Click to Enlarge Weekly DJT Posted by Hello

The Dow Jones Transports (DJT) traded above the resistance line, but ended up closing right on the line. That is not a break. Something smells fishy when the transports are heading skywards while the oil price is hitting constant higher highs. Oh well, the only person that is always right is the market in this game. There is still a solid uptrend line in place, and you can't really get bearish until this line is broken.


Click to Enlarge Weekly DJA Posted by Hello

The Dow Jones Composite Index (DJA) broke resistance as well on Friday due to the jobs report. The only thing I can really say on the bearish side of the equation is that the RSI and Stochastics didn't make higher highs along with the indicies. That is a bearish divergence, but these divergences can last longer then you can remain in the game (to paraphrase the famous quote).


Click to Enlarge Weekly IXIC Posted by Hello

The Nasdaq (IXIC) did not break out and isn't really that close to the breakout level. The figure to watch on the IXIC is 2,200. A break above that level would get me bullish. This is an index to watch as well, though. You can see the two red lines converging, which means that the IXIC has to make a decision soon. Will it follow the bullish or the bearish case?


Click to Enlarge Weekly NDX Posted by Hello

Here we have the Nasdaq 100 (NDX), which has already broken out and has now come down to test the new support line that used to be resistance. The NDX seems to have found support at the red support line and the 50-Week SMA. I have also placed the fibonnaci levels on this chart. The 33% level is at 2,338 and the 50% level is at 2,811. The NDX is at a pretty good point with regards to Risk/Reward. You should search through the NDX components to find some stocks that are looking as well as this index is looking.


Click to Enlarge Weekly S&P500 Posted by Hello

The S&P 500 (SPX) also formed a bullish flag and subsequently broke out on 11/3/2004. The chart is telling investors that the SPX could be heading toward the 1390 level.

I don't like being bullish at this juncture in the market cycle, but it is very difficult to not fall into the bullish camp with the recent action of the Dow Jones's and the S&P 500. The IXIC has a little more to prove before I get bullish on it, but no one is saying that the Nasdaq 100 isn't trying hard to convert me/us.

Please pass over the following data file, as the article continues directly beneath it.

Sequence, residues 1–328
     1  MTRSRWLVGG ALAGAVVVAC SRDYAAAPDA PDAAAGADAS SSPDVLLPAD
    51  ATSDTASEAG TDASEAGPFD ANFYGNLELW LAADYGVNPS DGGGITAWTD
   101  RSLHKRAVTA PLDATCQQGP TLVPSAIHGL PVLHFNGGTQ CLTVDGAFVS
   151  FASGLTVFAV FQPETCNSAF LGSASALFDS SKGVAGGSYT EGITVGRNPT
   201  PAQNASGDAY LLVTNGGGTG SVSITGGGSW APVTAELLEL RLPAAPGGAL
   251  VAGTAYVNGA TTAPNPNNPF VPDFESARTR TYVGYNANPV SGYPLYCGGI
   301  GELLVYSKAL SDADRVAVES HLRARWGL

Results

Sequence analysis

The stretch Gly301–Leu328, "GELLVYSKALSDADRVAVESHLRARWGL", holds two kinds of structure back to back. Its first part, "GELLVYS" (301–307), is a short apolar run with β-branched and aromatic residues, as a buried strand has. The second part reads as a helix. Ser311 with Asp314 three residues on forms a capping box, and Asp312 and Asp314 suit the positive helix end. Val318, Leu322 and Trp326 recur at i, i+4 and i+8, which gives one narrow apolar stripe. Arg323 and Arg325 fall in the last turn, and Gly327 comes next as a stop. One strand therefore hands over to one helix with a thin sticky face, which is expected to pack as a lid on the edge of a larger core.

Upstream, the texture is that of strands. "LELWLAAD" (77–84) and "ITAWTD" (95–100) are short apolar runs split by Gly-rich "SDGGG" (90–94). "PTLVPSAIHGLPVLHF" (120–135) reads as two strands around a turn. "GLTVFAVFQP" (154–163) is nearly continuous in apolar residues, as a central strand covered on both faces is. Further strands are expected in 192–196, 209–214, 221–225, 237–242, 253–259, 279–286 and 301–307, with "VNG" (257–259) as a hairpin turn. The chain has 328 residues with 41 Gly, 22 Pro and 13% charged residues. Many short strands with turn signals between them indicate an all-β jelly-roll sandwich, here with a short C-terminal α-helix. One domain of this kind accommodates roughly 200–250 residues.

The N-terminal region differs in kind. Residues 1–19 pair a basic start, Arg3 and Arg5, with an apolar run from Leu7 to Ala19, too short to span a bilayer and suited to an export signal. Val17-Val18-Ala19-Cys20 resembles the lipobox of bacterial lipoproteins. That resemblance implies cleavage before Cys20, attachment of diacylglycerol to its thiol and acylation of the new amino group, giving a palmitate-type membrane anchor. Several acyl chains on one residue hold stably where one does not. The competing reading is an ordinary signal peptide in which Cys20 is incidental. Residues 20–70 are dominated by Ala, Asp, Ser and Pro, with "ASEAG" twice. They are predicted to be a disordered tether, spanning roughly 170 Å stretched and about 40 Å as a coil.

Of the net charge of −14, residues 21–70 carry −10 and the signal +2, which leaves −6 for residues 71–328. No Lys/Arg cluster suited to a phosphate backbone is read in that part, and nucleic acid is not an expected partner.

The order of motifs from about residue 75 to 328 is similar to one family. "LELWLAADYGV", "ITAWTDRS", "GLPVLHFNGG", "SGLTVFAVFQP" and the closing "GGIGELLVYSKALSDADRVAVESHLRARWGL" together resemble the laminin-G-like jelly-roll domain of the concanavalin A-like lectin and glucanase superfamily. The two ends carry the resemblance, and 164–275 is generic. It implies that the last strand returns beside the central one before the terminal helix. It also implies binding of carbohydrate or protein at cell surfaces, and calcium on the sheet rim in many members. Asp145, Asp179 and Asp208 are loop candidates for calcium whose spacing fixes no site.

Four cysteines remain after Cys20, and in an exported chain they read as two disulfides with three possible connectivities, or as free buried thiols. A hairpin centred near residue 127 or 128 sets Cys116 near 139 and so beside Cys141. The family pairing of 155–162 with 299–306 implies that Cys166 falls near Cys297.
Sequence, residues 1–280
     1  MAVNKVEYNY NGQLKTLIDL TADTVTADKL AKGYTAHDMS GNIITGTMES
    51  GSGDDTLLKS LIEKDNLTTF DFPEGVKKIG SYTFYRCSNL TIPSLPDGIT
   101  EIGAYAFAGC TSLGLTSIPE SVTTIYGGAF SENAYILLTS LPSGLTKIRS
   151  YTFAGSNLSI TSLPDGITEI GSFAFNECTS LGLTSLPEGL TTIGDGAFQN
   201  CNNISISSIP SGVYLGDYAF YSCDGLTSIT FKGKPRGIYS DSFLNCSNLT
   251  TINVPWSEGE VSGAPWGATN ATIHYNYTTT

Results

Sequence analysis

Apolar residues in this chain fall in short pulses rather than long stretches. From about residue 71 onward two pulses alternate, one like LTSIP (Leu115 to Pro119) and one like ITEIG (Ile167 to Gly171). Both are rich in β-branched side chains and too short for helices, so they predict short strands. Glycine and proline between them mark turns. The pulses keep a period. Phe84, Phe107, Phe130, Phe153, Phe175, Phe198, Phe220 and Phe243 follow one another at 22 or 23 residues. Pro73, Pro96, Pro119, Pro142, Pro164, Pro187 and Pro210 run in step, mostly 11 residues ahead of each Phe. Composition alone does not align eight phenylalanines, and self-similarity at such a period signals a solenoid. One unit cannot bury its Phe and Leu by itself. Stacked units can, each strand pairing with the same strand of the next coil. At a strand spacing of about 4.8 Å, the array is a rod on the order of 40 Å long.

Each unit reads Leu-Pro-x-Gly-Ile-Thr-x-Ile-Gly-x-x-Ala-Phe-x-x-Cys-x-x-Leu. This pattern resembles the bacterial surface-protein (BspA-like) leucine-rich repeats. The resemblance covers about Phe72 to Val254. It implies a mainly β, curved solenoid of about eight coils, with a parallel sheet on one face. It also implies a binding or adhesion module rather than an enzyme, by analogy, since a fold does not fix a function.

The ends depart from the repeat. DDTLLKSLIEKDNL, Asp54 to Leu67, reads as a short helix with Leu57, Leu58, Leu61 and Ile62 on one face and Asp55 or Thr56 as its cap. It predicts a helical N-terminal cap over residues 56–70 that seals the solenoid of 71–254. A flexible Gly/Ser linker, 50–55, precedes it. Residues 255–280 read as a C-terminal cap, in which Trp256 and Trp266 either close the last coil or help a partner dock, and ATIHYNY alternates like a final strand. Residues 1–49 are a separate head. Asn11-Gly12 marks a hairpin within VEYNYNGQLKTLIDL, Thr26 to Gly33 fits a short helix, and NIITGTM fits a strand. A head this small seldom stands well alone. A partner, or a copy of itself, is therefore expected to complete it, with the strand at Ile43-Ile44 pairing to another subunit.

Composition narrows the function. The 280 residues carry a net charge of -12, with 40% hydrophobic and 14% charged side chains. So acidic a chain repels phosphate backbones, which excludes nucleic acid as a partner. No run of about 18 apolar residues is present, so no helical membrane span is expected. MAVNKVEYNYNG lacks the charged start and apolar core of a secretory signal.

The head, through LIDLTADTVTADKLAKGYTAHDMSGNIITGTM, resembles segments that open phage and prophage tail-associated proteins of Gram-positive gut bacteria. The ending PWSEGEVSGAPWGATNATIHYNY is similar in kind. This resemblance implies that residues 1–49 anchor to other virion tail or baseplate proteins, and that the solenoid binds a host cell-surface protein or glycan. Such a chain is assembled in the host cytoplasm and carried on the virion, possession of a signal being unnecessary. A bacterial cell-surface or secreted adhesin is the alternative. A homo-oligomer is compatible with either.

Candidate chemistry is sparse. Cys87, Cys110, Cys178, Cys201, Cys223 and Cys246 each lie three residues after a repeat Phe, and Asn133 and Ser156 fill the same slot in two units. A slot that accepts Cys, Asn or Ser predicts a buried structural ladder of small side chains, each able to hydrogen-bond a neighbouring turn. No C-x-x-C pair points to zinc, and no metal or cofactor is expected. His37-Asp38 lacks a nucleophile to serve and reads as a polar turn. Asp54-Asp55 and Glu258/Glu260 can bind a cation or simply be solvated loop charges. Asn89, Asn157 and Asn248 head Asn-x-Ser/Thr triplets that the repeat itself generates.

Best Regards,

The Soothsayer of Omaha

Saturday, March 05, 2005

Warren Buffett's Yearly Musings

Here is Mr. Warren Buffett's 2004 missive about his company, investing, and so much more. Enjoy!

Best Regards,

The Soothsayer of Omaha

Friday, March 04, 2005

Investment Roundtable - Exxon Mobile (NYSE: XOM)

This week the Investment Roundtable is analyzing Exxon Mobile (NYSE: XOM). XOM is a member of the Dow Jones Industrial Average, has a market cap of a little over $405 billion, and is the world’s largest publicly owned integrated oil company.

Exxon is obviously a play on the oil industry and the rising oil prices have been helping XOM appreciate 58.34% in a little over a year. With all of the chatter these days regarding oil prices everyone knows about this industry...yep, everyone. According to the “experts” oil could head either toward $35 a barrel or upwards to $80 a barrel, which is very helpful to the average investor. You will note that I have made my predictions regarding oil prices on this blog and have so far been vindicated. I stated, “I tend to agree with the BCA (Bank Credit Analyst). I don’t think we will see under $40 for quite a while, if ever again.” Check out the link for chart and all.